Book Club: What made you think of Santa Fe for the setting?
Author: I love Santa Fe and Taos. If you go to my blog there’s a list of locations that inspired scenes in the novel [see Locales That Inspired Prose].
Book Club: “I should have worn my necklace with a cross that has dirt from Chimayo.” “And I have so many stories from that dirt.” [Laughter] “He [the author] did the photography and stuff on the book, and I think that’s pretty phenomenal.” “The cover’s really great, by the way.” “And that room they go into, where everything happens [The Grotto of Hearts], was there something that inspired that space? Is it a real place?”
Author: No, it’s a photomanipulation. The source image is a wood bench sitting in front of a flagstone wall.
Book Club: Was there an inspiration for the Grotto from other movies, or paranormal, or did you just kind of imagine that one yourself?
Author: I got it straight from that image.
Book Club: Is your second book a sequel?
Author: Yes, one of the threads I didn’t finish in the first book is that Abigail wants to know what’s on the other side of the mirror. Early on, Raphael entices her to stay by telling her she needs to pursue the answer. Later in the book she steps through the moon gate and has a vision of people standing in front of a theatre. The people are speaking French and she wonders what’s going on, but Raphael is suddenly beside her and says, “It’s not your time. Go back.” And where do they end up at the end of the book?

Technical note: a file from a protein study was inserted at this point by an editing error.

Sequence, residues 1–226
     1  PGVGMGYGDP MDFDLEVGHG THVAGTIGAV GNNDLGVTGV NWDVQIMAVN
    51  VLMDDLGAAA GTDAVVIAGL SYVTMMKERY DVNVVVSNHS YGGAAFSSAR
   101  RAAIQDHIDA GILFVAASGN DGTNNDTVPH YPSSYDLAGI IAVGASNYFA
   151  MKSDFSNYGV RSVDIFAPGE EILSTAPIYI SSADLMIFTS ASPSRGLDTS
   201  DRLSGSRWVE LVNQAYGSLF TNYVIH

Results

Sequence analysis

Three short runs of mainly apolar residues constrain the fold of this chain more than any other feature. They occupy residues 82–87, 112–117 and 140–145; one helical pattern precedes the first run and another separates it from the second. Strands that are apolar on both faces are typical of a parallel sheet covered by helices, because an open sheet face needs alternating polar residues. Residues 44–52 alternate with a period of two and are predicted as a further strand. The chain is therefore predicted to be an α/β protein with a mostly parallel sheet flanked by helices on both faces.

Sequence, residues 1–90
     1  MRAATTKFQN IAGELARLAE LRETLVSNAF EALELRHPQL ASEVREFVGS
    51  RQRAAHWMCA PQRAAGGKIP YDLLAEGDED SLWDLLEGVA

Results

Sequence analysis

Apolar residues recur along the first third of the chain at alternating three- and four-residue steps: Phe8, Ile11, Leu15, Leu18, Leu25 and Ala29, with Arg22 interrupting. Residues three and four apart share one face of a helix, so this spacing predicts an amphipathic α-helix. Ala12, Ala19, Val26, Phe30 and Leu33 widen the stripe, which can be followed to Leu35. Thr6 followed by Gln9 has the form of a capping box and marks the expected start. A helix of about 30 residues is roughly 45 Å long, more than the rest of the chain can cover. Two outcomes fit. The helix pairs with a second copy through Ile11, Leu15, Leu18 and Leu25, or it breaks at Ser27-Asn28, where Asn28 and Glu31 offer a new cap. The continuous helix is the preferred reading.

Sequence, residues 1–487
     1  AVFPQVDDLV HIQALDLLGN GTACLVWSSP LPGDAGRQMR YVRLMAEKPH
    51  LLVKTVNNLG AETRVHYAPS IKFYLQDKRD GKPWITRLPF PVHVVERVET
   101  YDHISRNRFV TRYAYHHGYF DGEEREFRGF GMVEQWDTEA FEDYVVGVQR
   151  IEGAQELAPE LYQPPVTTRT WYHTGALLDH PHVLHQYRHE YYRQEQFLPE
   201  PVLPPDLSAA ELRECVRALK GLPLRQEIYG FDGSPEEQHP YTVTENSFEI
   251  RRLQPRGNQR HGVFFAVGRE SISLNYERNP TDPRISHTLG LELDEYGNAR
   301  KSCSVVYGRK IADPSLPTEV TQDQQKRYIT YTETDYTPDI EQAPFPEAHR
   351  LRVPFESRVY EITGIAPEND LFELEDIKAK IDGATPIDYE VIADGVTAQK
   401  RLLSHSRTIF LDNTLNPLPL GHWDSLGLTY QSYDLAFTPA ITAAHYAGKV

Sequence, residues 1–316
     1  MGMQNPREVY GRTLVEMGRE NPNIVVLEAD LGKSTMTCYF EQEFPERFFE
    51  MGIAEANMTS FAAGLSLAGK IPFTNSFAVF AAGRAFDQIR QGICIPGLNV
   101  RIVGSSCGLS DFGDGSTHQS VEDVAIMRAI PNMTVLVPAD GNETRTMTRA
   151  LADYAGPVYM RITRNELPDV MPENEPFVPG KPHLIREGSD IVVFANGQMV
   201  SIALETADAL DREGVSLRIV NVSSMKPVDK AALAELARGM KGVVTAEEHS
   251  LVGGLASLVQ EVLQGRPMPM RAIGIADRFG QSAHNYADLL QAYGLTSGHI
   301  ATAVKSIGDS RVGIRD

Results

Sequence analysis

Book Club: In Paris, where she’s always wanted to be.
Author: Where people speak French, and that’s where the second book takes off.
Book Club: Did Abigail or Caroline see the little girl?
Author [making the assumption the question is in regards to the little brown-eyed girl that appears several times]: Caroline is the little girl—or, rather, her spirit is the little girl.
Book Club: Abigail is the one who saw the image in the mirror that was different from what she looked like.
Author: Abigail was wearing lipstick and the little girl in the mirror [an apparent double of Abigail] was not.
Book Club: Who was the little girl then?
Author [still assuming the question is about the little brown-eyed girl, although it may have been about the girl Abigail saw in the mirror]: The little girl is a manifestation of Caroline’s spirit. [For the answer to who the little girl in the mirror was, wait for book two!]
Book Club: “At one point it said that you could never know true love unless you have a child of your own. How can you tell a lesbian person something like that, when she might never have a child?” “They do it through in vitro fertilization or surrogates, same as single women who want children, or couples who can't conceive.” “But it seems strange that you talk about it as the epitome of love when maybe she’d never experience it.”
Author: Second book! Things happen. [Change of subject:] Who knows that there was a recipe in the novel? They were at Sam’s and they’d been working out in the sun all day and they came inside and Sam was making watermelon salsa. [Author hands out copies of recipe; see Watermelon Salsa article.]
Book Club: “Did Lucifer die in the end?” “You can’t kill Lucifer, sorry...”
Author: ...because he’s being fueled by man’s evil. Actually, my original plan for the end of the second novel is that Abigail is dreaming and she senses this gathering darkness, then sees these silver orbs coming toward her. She figures out the orbs are the medallions on Lucifer’s boots. And that’s going to kick off the third novel because Lucifer is back. But I kind of changed my mind about that. If I do write a third one I’ll do something different.
Book Club: With the same characters?